sometimes don't get the message.
Click here to read a useful article on
helping you negotiate a price, a buyer's
agent may not have your best interests at
heart. Buyers' agents have an incentive to
encourage buyers to bid high, since the more
a buyer offers for a house, the more likely
the offer will be accepted. Higher offers
also result in higher commissions.
agents have an ethical and fiduciary
duty to put their clients' interests
ahead of their own when showing
properties. I'm sure most agents
are honest, but they have a powerful
incentive to guide buyers towards
listings that offer higher commissions
or bonuses. That so many sellers offer
high (over 2.5%) commissions to buyers'
agents reveals a widespread belief that
commissions can make a difference. As a
buyer, this should alarm you.
- Your state
might not let you do it. Thanks to
intensive lobbying by the National
Association of Realtors, these states now
ban buyer rebates: Alaska, Iowa, Kansas,
Louisiana, Mississippi, Missouri, New
Jersey, New York, Oklahoma, Rhode Island,
South Carolina, and West Virginia. These
states have "minimum service requirements"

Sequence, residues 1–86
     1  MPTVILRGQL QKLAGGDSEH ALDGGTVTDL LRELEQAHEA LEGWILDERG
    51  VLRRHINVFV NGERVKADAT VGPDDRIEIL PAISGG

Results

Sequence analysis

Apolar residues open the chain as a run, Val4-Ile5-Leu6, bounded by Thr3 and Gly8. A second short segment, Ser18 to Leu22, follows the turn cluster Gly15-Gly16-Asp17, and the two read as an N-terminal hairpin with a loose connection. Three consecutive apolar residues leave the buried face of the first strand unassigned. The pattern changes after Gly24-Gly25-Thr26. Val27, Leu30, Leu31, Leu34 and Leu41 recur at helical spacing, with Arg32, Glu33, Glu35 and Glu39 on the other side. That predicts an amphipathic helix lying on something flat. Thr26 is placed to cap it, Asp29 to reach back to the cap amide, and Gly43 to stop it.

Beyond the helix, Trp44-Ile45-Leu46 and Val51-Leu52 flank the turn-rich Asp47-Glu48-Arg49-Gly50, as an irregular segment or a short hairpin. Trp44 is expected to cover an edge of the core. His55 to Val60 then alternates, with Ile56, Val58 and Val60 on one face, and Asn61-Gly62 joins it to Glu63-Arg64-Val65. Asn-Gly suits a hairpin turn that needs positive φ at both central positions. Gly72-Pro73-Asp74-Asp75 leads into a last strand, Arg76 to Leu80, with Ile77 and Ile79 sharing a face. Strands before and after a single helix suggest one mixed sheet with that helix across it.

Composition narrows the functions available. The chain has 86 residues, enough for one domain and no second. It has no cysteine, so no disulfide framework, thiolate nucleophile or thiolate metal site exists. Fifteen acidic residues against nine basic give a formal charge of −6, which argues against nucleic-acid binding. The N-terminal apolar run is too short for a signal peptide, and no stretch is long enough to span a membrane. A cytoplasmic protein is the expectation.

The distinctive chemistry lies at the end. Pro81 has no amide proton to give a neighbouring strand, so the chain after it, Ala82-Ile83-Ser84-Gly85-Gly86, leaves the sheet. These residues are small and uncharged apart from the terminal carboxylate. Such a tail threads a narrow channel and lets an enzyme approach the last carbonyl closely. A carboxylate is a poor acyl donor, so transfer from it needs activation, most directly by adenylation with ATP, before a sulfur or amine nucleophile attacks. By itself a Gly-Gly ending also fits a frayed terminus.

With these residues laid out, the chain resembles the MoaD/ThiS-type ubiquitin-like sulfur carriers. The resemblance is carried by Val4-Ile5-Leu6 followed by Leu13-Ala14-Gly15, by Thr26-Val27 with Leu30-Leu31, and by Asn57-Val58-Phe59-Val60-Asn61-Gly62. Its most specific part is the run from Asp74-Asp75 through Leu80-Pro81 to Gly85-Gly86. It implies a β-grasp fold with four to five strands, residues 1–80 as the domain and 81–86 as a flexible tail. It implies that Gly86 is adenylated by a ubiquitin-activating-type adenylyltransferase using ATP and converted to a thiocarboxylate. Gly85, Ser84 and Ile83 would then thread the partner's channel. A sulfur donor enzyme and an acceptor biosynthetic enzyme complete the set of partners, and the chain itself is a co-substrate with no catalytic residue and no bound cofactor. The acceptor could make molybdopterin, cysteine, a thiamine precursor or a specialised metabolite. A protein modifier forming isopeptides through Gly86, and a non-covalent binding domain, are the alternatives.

designed to discourage discount real estate
services: Alabama, Florida, Illinois, Iowa,
Missouri, Oklahoma, Texas, and Utah. For
more information, see
Some States Now Limit Price Rebates to
Buyers from the Wall Street Journal
agents might not let you do it. As
we'll see later, agents in small towns
sometimes put up a united front against
commission rebates, even though this sort of
price fixing violates antitrust laws.
- If it's a
hot market or you're a picky buyer, you may
do better with a good full-service buyer's
agent. Unethical listing agents
sometimes wait a few days before posting
their more desirable listings on the
Multiple Listing Service (MLS) so they'll
have a chance to pitch these listings to
their favorite buyers or their friends'
favorite buyers. This practice of
having "pocket listings," of course, is bad
for sellers since it limits the home's
exposure. But it's great for the
favored buyers who get first pick at the
estate agents have access to more and better
information than you do. They can
usually search more efficiently than you
- If you're
a first-time buyer, you may need some
handholding. A good agent can answer
your questions and offer useful advice.
- If you're
buying a cheaper home, the commission will
be smaller. It might not be worth the
trouble to capture some of it.
easier to get inside homes while shopping
with a real estate agent. If you want
to capture the commission, you'll be able to
go inside homes only after you've narrowed
down your list of properties to just a few.
will show you how to take charge of the buying
process yourself so you can capture some of the
commission for yourself.
Learn how commissions work.
This information in this website is offered free
of charge as a public service. I make no
representations or warranties about its accuracy
or completeness. My advice may not apply to
your situation or in your state. I shall not be
liable for any damages resulting from the use of
ŠLori Alden, 2008. All rights reserved.